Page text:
The gym can be an intimidating place if it’s your first time. Most “noobs” — gym talk for people who are new to the process — don’t know what to do, and most people are deathly afraid of getting hurt. They need not be. Gyms are only dangerous if you do the wrong things with the wrong equipment, just like in your garage. Gyms can also be a waste of time if you use them wrong. Clear thinking and prudent planning are the keys to a safe and productive gym experience.
First, as with any new undertaking, you need to do your homework. You go to a gym for the purpose of doing something physically harder than you’ve already been doing, so it’s not entirely surprising that it might hurt you if you do it wrong. The most important thing you can do — for both success and safety — is to learn as much as you can about the best way to accomplish your fitness objectives.
Perhaps you had planned on hiring a personal trainer or coach to do the thinking for you. Sorry to tell you this, but the nature of the fitness industry makes this a bad idea in most gyms. Personal trainers are often minimally qualified, with some even being “certified” by the gym itself after they are hired. They have been taught to teach the use of the equipment, not how to teach exercise, fitness, or training. It is incumbent upon you to understand the basics, and to recognize inexperienced staff for what they are.
And whatever your fitness goals may be, there is a wrong way and a right way to get them accomplished depending on what they are. You can’t get stronger, for example, by lifting the same light weights every workout. Strength is the production of force against an external resistance, i.e. a weight. Stronger, by definition, means more weight lifted, and if this is not a feature of your exercise program, strength cannot accumulate.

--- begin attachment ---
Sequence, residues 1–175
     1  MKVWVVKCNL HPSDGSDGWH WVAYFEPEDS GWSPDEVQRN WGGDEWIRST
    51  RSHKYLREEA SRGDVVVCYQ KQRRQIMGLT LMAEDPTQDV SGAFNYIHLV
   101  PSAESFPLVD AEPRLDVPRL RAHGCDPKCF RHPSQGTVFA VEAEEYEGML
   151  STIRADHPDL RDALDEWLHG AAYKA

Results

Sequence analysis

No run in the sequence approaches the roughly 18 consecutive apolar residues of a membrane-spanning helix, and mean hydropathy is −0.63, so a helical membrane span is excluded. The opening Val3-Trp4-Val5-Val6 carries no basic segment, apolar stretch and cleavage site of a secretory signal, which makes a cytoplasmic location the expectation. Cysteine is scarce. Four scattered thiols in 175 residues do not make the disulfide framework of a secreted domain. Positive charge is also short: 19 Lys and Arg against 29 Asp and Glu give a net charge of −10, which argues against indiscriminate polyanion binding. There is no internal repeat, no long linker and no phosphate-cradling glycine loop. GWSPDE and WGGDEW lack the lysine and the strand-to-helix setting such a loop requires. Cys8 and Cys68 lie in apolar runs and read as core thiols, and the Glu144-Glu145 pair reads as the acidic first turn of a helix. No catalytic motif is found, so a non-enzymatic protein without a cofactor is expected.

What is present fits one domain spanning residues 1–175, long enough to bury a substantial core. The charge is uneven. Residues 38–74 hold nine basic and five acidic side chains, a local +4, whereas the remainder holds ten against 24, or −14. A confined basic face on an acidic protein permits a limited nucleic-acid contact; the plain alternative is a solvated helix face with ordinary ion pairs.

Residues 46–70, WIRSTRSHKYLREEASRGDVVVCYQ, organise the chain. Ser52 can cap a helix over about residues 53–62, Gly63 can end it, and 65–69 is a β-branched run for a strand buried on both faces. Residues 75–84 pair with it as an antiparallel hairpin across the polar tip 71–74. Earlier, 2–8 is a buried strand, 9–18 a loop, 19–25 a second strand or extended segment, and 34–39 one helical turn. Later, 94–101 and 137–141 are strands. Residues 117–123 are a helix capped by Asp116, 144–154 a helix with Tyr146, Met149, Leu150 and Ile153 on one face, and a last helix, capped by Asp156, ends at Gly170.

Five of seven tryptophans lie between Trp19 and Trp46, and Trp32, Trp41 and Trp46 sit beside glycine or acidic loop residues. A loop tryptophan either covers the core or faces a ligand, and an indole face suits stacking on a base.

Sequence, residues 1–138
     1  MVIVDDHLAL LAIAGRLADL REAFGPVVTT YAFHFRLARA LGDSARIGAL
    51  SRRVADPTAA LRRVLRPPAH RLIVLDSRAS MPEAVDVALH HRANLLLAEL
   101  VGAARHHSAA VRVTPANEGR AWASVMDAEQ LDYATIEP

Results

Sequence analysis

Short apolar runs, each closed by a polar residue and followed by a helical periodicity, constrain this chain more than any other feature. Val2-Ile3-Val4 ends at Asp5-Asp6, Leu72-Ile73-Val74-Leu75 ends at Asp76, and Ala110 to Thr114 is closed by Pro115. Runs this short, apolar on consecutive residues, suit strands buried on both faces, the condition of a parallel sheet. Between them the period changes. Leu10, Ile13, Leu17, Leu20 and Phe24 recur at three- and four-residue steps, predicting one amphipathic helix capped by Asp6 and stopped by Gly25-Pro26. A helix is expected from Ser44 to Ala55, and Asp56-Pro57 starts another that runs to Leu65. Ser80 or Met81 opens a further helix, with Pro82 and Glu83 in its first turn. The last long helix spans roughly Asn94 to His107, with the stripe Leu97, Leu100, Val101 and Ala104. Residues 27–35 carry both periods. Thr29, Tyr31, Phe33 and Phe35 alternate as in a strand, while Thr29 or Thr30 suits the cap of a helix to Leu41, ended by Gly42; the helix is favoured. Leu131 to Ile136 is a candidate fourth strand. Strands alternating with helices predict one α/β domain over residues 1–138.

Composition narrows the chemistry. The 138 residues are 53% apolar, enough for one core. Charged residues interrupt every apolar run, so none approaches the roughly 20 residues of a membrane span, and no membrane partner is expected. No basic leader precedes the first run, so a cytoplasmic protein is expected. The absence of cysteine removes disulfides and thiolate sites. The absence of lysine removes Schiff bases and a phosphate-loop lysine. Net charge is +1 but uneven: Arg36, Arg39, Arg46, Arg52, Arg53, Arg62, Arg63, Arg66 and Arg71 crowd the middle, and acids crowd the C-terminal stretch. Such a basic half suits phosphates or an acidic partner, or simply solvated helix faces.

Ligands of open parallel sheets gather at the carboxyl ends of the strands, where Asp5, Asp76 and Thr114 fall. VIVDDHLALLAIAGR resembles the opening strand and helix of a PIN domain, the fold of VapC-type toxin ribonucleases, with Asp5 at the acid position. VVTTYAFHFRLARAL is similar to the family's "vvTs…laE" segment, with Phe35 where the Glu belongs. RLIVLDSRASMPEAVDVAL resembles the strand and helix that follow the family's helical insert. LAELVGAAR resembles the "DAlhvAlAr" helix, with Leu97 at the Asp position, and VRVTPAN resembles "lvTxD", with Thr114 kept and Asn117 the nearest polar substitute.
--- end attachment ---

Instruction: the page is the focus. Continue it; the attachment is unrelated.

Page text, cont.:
Likewise, if endurance is your objective, it cannot accumulate if you don’t add a little more time onto the workout on a regular basis. These things are obvious if you think about them for a second: don’t pay for training with people who don’t understand the obvious. For either strength or endurance, start easy, and over time work toward hard. Hard the first day is a bad idea, because it may hurt you, and because it leaves you no room to increase next time, and increases are the whole point.
And correct use of the equipment is essential, for both progress and safety. You should know enough about this from your own homework to recognize the basics of what is correct and incorrect, and to determine the quality of the instruction you’re receiving. If you can’t understand the instructions, or if the instructed exercises make you hurt, fire the instructor.
Once you determine that things are proceeding correctly, it’s your turn to make things work — don’t miss workouts, and don’t quit. Here’s an advanced training secret: each workout is important only because they add up over time to a fitness adaptation. New physical behavior becomes a healthy habit that eventually changes you, and each workout contributes to this change. But they can’t add up if you miss them. You have to realize that you’re working an assignment that is not completed at the end of each trip to the gym — in fact, it’s never “completed.”
When you start training, the process becomes the objective. If the program is structured correctly, you get better over time, and that time is not measured by the length of each workout. You have to think past today and invest in the longer-term. You’ll be happier with your progress if you commit to doing a little more each workout than you did the previous workout. This is an athlete’s approach, and it works every time it’s applied.